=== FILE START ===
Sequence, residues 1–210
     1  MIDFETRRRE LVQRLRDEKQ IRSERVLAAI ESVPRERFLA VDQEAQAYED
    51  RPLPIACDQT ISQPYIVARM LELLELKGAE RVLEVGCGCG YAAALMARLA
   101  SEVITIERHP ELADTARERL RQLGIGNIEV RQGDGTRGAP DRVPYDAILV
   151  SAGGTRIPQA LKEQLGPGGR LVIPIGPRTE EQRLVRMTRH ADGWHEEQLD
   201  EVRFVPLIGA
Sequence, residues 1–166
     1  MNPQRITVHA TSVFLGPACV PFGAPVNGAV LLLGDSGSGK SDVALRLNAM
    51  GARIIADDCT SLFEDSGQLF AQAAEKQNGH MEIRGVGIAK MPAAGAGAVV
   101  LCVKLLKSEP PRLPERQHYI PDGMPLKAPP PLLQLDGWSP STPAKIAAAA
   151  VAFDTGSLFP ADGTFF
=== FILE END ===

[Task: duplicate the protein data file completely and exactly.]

Sequence, residues 1–210
     1  MIDFETRRRE LVQRLRDEKQ IRSERVLAAI ESVPRERFLA VDQEAQAYED
    51  RPLPIACDQT ISQPYIVARM LELLELKGAE RVLEVGCGCG YAAALMARLA
   101  SEVITIERHP ELADTARERL RQLGIGNIEV RQGDGTRGAP DRVPYDAILV
   151  SAGGTRIPQA LKEQLGPGGR LVIPIGPRTE EQRLVRMTRH ADGWHEEQLD
   201  EVRFVPLIGA
Sequence, residues 1–166
     1  MNPQRITVHA TSVFLGPACV PFGAPVNGAV LLLGDSGSGK SDVALRLNAM
    51  GARIIADDCT SLFEDSGQLF AQAAEKQNGH MEIRGVGIAK MPAAGAGAVV
   101  LCVKLLKSEP PRLPERQHYI PDGMPLKAPP PLLQLDGWSP STPAKIAAAA
   151  VAFDTGSLFP ADGTFF